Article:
National Labor Relations Board, Petitioner, v. Winter Garden Citrus Products Cooperative, Respondent, 260 F.2d 913 (5th Cir. 1958)Annotate this Case
James A. Flynn, Atty., Marcel Mallet-Prevost, Asst. Gen. Counsel, Thomas J. McDermott, Associate Gen. Counsel, Jerome D. Fenton, Gen. Counsel, Frederick U. Reel, Morris A. Solomon, Attys., N. L. R. B., Washington, D. C., for petitioner.
E. Knotz Bennett, Waycross, Ga., Bennett, Pedrick & Bennett, Waycross, Ga., of counsel, for respondent.
Before HUTCHESON, Chief Judge, and CAMERON and BROWN, Circuit Judges.
HUTCHESON, Chief Judge.
Here pursuant to Sec. 10(e) of the National Labor Relations Act, as amended, 29 U.S.C.A. § 160(e), seeking enforcement of its decision and order, reported in 116 N.L.R.B. 738, the board asserts and seeks to maintain that substantial evidence on the record as a whole supports its findings. These, as set out in its order and argued in its brief, are: (1) that respondent violated Sections 8 (a) (3) and (1) of the Act by discriminatory refusing to hire 26 job applicants because of their union membership or activity, and (2) that it violated Sec. 8(a) (5) and (1) of the Act by refusing to bargain with the union (a) by refusing to recognize union stewards for the purpose of settling grievances, and (b) by refusing to furnish information requested by the union, the certified bargaining representative of its employees, with respect to year end gratuities given by respondent to a few of its employees who had performed services beyond the call of duty.
Vigorously resisting enforcement, respondent denies that the record supports the findings. Indeed, it insists that they are based not upon evidence but upon suspicion and find their sole support in what the examiner and board call background evidence, which in turn is based "upon the unfair labor practice finding against respondent in the prior action against it."
Calling our attention to the fact that, as the board states the situation in its findings, "In the prior case 23 of the 26 complainants herein were found to be discriminated against as unfair labor strikers, and 19 of them were ordered reinstated with back pay", and that this court, in Winter Garden Citrus Products Co-op v. N. L. R. B., 5 Cir., 238 F.2d 128, holding that the strike of respondent's employees was an economic one, reversed these findings and order, respondent insists that the board's persistence in pressing these charges against respondent in this case is but another proof of the old adage that one convinced against his will is of the same opinion still. Arguing that the hearing and decision of examiner and board in this case has been dominated and controlled by the views and the orders of the board in the earlier case, respondent insists that examiner and board approached this case with, and decided it from, a point of view which, depriving respondent of a fair and impartial consideration on its own merits of this record, predetermined for them the findings and order herein.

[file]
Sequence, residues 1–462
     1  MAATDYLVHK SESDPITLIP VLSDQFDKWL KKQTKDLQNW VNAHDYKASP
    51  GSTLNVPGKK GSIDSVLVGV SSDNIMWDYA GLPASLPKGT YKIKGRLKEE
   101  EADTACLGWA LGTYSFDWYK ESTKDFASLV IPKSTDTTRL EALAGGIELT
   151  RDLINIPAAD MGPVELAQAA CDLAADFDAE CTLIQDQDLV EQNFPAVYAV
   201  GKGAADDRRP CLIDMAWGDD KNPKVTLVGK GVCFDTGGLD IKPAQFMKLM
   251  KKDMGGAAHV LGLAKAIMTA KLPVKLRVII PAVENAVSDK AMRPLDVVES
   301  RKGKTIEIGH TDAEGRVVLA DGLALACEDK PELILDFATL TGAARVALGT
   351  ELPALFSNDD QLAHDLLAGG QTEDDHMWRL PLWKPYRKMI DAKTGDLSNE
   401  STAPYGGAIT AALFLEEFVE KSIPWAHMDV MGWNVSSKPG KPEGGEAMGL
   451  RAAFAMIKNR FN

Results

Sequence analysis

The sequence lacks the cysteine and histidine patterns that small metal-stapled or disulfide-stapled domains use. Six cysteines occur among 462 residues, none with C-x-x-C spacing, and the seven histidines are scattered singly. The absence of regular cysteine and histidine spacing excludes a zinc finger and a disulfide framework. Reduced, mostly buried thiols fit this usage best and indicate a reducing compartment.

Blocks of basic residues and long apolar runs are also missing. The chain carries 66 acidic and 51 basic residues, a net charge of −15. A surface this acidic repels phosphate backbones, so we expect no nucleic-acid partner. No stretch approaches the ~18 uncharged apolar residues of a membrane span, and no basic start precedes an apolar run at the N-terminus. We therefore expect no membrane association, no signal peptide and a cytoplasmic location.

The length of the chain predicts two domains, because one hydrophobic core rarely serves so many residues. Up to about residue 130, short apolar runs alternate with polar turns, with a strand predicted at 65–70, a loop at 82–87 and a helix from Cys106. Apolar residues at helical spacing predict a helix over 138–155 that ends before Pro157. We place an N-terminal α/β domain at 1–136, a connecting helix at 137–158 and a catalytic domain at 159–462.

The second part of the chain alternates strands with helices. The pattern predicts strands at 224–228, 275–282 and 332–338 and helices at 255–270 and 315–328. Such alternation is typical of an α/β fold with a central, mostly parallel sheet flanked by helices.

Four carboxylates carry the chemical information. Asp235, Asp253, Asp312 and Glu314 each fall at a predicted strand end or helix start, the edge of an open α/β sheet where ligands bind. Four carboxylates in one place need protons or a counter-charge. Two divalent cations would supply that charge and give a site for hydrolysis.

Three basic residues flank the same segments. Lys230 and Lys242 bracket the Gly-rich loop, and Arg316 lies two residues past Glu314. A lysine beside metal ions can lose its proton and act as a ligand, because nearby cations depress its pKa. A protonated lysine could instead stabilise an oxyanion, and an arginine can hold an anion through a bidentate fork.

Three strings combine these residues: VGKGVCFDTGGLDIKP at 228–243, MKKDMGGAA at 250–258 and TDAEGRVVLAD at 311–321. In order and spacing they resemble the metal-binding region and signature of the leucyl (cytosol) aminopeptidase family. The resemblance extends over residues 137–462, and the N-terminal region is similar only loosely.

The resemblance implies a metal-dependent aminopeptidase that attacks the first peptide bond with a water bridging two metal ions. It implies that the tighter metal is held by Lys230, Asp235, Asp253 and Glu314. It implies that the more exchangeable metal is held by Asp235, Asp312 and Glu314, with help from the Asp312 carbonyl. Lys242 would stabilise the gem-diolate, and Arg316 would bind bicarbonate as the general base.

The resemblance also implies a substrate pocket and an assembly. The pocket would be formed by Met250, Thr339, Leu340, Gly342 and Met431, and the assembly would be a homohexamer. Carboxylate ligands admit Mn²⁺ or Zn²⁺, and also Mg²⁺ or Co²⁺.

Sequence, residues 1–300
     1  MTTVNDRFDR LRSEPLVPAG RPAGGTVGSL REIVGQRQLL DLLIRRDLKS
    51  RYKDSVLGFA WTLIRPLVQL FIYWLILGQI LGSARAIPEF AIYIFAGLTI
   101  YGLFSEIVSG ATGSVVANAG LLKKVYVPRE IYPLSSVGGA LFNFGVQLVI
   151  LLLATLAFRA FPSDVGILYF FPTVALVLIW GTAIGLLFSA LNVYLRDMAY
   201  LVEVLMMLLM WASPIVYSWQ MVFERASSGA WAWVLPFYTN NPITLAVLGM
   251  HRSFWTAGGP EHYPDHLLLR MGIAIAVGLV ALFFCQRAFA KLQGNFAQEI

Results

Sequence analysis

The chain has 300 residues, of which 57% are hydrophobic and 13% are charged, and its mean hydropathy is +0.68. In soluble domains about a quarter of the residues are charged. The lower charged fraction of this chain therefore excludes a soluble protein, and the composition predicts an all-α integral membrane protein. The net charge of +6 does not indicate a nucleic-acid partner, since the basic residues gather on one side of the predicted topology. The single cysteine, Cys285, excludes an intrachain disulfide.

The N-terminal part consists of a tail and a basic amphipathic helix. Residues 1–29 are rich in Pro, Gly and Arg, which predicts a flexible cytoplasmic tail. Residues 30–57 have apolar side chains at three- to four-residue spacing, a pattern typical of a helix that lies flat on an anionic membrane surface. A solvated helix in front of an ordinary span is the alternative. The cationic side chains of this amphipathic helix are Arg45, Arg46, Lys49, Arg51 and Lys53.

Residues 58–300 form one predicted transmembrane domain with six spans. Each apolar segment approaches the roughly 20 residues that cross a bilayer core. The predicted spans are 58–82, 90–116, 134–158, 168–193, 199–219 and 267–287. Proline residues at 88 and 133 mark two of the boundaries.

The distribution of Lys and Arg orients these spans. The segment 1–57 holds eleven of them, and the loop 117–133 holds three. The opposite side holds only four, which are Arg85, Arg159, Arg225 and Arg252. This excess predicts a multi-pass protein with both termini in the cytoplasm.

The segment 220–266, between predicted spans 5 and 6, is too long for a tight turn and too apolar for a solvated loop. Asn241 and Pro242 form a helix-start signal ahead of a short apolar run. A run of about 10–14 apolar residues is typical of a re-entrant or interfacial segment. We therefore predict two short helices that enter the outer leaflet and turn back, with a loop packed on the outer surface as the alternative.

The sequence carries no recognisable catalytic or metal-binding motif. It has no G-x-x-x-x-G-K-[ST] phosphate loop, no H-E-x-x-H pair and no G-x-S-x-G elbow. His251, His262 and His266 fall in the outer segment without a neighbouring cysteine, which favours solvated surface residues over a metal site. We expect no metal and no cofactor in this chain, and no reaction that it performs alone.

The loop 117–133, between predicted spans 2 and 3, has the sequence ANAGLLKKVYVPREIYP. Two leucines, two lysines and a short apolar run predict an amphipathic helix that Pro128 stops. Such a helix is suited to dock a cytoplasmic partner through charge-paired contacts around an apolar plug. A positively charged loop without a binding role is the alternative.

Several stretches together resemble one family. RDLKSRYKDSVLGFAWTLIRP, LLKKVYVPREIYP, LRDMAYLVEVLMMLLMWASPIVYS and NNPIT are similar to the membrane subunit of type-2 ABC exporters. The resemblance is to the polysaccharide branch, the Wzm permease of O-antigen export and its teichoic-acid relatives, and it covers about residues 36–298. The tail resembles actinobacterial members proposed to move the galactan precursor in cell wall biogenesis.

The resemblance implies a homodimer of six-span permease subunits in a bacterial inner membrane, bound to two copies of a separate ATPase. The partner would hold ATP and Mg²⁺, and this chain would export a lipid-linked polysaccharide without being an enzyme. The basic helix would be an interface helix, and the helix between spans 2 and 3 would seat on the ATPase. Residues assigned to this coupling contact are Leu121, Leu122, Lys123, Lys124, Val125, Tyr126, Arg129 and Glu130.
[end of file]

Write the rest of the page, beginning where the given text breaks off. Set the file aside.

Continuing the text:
Pointing to the overemphasis on the proceedings in the earlier case as background evidence and to the examiner's apparent attitude in this case, that the burden was on the respondent to show that it did not, rather than upon the general counsel to show that it did, discriminatorily refuse employment as charged, an attitude strongly reminiscent of that exhibited in N. L. R. B. v. Ray Smith Transport Co., 5 Cir., 193 F.2d 142, 144 et seq., respondent insists that it was under the influence of this attitude that the examiner, instead of, as he ought to have done, finding the complaint not proven, found against the respondent on the ground that it had failed to assume and discharge the affirmative burden of showing that it had not acted discriminatorily.